• An ultra-fast transfer, since the Blockchain reduces or even eliminates the number of intermediaries. With digital shares, the transfer is done in a few clicks and shares are transferable 24/7 with almost instantaneous settlement;
  • Automated share register, allowing you to view your shareholding at any time;
  • Simplified and accelerated securities transactions - for example, splits, capital increases or dividend payments;
  • A significant reduction in market manipulation, as each transaction is recorded in real time and is transparent and accessible at all times to all stakeholders, including regulators


Banks are gradually opening up to cryptocurrencies.


An infinite universe of possibilities

The arrival of tokenized assets could mark the beginning of a process similar to that of the creation of joint stock companies and the opening of the first stock exchange in the 17th century.

Indeed, the process described above can potentially be applied to other liquid assets such as bonds. While it is complicated to build a bond portfolio because of the minimum size per transaction, the tokenization (and thus fractionalization) of bonds will allow investors to build a diversified portfolio with a low initial investment. The same goes for leveraged loans, which until now have been reserved for institutional clients only.

Tokenization also applies to illiquid assets, such as venture capital, private debt, real estate, works of art or collectible cars. Incidentally, it is already possible to buy "pre-IPO" securities on the crypto asset trading platform FTX. For example, many users used this platform to buy derivatives on Coinbase tokenized stocks before the IPO.


Crypto specialists vs. Traditional finance: the match

This development inevitably calls for a general reflection on the future of the financial industry.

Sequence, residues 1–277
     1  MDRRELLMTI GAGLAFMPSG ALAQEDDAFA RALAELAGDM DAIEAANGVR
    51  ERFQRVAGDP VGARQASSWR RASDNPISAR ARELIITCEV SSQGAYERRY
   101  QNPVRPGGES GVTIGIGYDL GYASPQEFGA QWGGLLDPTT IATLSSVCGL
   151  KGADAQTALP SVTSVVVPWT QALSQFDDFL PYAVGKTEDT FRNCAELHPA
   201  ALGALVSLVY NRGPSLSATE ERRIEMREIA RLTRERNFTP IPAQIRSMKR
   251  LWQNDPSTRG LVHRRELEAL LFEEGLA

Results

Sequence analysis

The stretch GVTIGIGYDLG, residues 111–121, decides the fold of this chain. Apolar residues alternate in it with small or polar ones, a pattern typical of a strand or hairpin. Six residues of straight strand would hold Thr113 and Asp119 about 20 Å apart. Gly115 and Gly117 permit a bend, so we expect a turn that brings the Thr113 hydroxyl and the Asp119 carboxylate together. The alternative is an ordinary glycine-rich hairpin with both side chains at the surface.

Indeed, the "match" between crypto asset specialists and traditional players is becoming clearer. As we have just seen, crypto specialists such as Binance, Coinbase or FTX now have the opportunity to compete with banks and brokers on their own ground, i.e. the capital markets. In the case of Binance, a client wishing to reduce their cryptocurrency exposure can easily switch some of their profits to equity tokens or even other underlying securities. This can only mean a head-on collision with traditional players.

Banks are gradually opening up to cryptocurrencies. Of course, there are still some "Nay Sayers" such as this major British bank that has just excluded Microstrategy stock from its universe due to a high share of bitcoins in its balance sheet. But many banks have chosen to include bitcoin futures on their platforms as well as ETPs (soon ETFs?) whose underlying assets are cryptocurrencies.

Others are going even further by creating partnerships with crypto banks to allow their clients to trade on cryptocurrencies. Finally, the most reckless have decided to make a long-term bet on cryptocurrencies and tokenization by investing in the infrastructure, be it storage, trading and creation of crypto assets. These visionary banks have understood the very strong potential of blockchain for the finance industry. It is about giving access to a wider universe of investment possibilities to customers (whether in terms of the underlying and instruments) but also about improving the user experience.

But these initiatives also demonstrate that banks have now grasped the degree of urgency; if they are not able to offer their customers these new opportunities, it is new entrants such as Coinbase or Binance that will not only take advantage of the crypto-currency boom but also take market share in traditional trading activities. At least that is the threat posed by the possibility of trading digitized stocks on crypto asset trading platforms...